10 Things to Know Before Using Retin-A :: The Acne Experiment

10 Things to Know Before Using Retin-A (Retinoids) :: The Acne Experiment

This is Part 2 of my 3 part Retinoid Series, which will culminate in a big bad Retin-A review very soon (woo see it here). If you want to learn a bit more about retinoids, and the 7 (!) kinds available for skin care use, read Part 1 of this series first. You can pop back over here if I haven't lulled you to sleep at that point.

Like chemical exfoliants, there are some things that are good to know before giving Retin-A a go. Obviously a doctor will offer up specifics to your situation, but it's always good to be proactive. This post focuses on tretinoin, but can be applied sparingly* to any topical retinoid:

1)  Get it from an MD if you can.

Am I being too heavy handed with this? Maybe, but I am not a doctor, so it's not my place to tell you that it's safe to get tretinoin without a prescription. Retin-A is more powerful than OTC retinoids like retinol. They can cause more gnarly side effects than other products, so they require a prescription in the US. That way, if you have a nasty reaction, your doctor tell you whether it's normal or not. Plus, if you get it from a doctor, they can help you hone in on the specific variety & concentration that will work best for your skin.

Now, even if you discount this – even if you say "I've got this Shay. Let me buy my Retin-A from this online pharmacy, you wiener," know that with the various insurance coverage I've had over the last decade, I've always gone through my doctor, and I've never paid more than 10 dollars for generic Retin-A (tretinoin). It's worth a shot if you haven't tried it yet and I will ride this gravy train until they boot me.

2)  Retin-A shouldn't be used during pregnancy.

First off:  Retin-A (tretinoin) does not carry the same risks as Accutane (isotretinoin oral). Accutane is a category X drug which is the worst rating for pregnant women. Retin-A is a category C drug, which means it has not been extensively studied in humans. It hasn't been proven unsafe for pregnant women, but it hasn't been proven safe either.

As a regular layperson non-doctor, my take is this:  if you are planning to get pregnant, stop using Retin-A a few months before, and don't use it while breastfeeding. If you don't have the luxury of pre-planning a pregnancy, just stop using it when you find out. For topicals, a much smaller amount of the active ingredient actually penetrates the skin when compared to oral medications, but it's still better to err on the side of caution.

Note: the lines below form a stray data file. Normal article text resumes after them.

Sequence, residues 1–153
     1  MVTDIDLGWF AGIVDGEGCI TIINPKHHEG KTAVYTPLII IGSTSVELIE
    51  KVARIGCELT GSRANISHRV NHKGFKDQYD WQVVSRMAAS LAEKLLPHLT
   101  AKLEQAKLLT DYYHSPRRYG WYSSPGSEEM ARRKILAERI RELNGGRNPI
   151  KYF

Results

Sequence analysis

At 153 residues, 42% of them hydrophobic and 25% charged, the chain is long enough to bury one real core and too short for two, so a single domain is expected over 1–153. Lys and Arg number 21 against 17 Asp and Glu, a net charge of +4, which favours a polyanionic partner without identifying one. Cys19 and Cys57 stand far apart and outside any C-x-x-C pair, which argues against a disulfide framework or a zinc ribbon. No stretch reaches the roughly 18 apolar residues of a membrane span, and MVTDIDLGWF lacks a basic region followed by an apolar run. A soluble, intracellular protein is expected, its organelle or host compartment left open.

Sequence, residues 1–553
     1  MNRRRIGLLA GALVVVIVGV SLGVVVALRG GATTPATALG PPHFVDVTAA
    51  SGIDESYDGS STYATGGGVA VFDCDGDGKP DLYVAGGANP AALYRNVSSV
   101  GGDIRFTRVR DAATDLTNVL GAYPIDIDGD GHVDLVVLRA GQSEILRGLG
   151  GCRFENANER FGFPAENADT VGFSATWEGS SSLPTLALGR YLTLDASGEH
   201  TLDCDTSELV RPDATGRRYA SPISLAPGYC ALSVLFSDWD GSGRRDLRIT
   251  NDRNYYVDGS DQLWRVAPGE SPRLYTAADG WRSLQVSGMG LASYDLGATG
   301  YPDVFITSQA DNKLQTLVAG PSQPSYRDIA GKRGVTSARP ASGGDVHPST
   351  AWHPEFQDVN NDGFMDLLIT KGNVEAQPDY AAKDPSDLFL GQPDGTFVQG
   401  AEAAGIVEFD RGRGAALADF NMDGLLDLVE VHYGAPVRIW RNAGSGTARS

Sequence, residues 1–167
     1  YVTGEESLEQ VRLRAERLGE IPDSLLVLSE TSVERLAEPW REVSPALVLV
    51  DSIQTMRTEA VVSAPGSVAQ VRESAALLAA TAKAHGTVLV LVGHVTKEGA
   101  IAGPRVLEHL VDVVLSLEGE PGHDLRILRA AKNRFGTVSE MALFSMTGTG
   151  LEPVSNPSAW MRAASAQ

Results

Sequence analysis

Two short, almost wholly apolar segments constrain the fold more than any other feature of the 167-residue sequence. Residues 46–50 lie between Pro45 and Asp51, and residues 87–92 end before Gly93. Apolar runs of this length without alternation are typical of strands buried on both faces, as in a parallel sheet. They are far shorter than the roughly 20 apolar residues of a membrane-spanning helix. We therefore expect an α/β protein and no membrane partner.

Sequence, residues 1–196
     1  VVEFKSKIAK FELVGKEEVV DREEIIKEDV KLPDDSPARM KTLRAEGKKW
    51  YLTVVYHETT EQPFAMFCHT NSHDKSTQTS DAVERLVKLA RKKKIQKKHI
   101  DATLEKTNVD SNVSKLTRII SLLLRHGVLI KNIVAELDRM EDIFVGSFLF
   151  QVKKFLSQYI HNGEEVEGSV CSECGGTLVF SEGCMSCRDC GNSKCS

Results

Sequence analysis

PS:  Drugs no longer have the letter categories on the label, but it's way easier to compare two drugs succinctly with the old system.

3)  Retinoids are light sensitive.

Once a retinoid is exposed to light, it stops being as effective. So, you can't just squeeze some out of the tube into a container for travel or something. It'll lose its potency. This is also why it is recommended that it be used at night only.

Retinol is even more sensitive to light, heat, and air, so it's best to buy the products that come aluminum crimp tubes just like their prescription counterparts.

4)  Limit sun exposure when using Retin-A, always.

Tretinoin makes skin sensitive to the sun in the same way chemical exfoliants do. Retin-A thins the outermost layers of the skin, so the sun's UV rays have less to pass through and can do damage more quickly. This means sunscreen and hats should be your friends, especially if you're already prone to sunburns.

PS:  While Retin-A is light sensitive, and make your skin more sensitive to UV light, it is not phototoxic. (confusing right?) Clarification:  Tretinoin is not going to actually cause a chemical reaction in your skin cells in the presence of the sun the same way, say lime juice does. It won't damage skin in this way, just thin it.

5)  Because Retin-A makes the skin thinner, it also make it more susceptible to wounds.

If you are prone to accidentally injuring/scratching your face or purposefully picking at blemishes (hey, no judgments here), know that Retin-A will make it easier for you to break the skin. On the plus side, those wounds will probably heal faster than they would without the Retin-A. You may also bleed out of your face, like a Japanese horror movie (actually, maybe see a doctor about that). 

6)  Waxing Retin-A treated skin is not gonna work out well for you.

Waxing skin that has been treated with tretinoin is like waxing a sunburn. Even if you try to avoid putting it in the areas you wax (like your upper lip), know that products can migrate from where you first applied it. You can try it, but it's a risky game to play. I should know—I once gave myself a raw-skin moustache that later turned into a scab moustache.

7)  Retin-A takes time to work.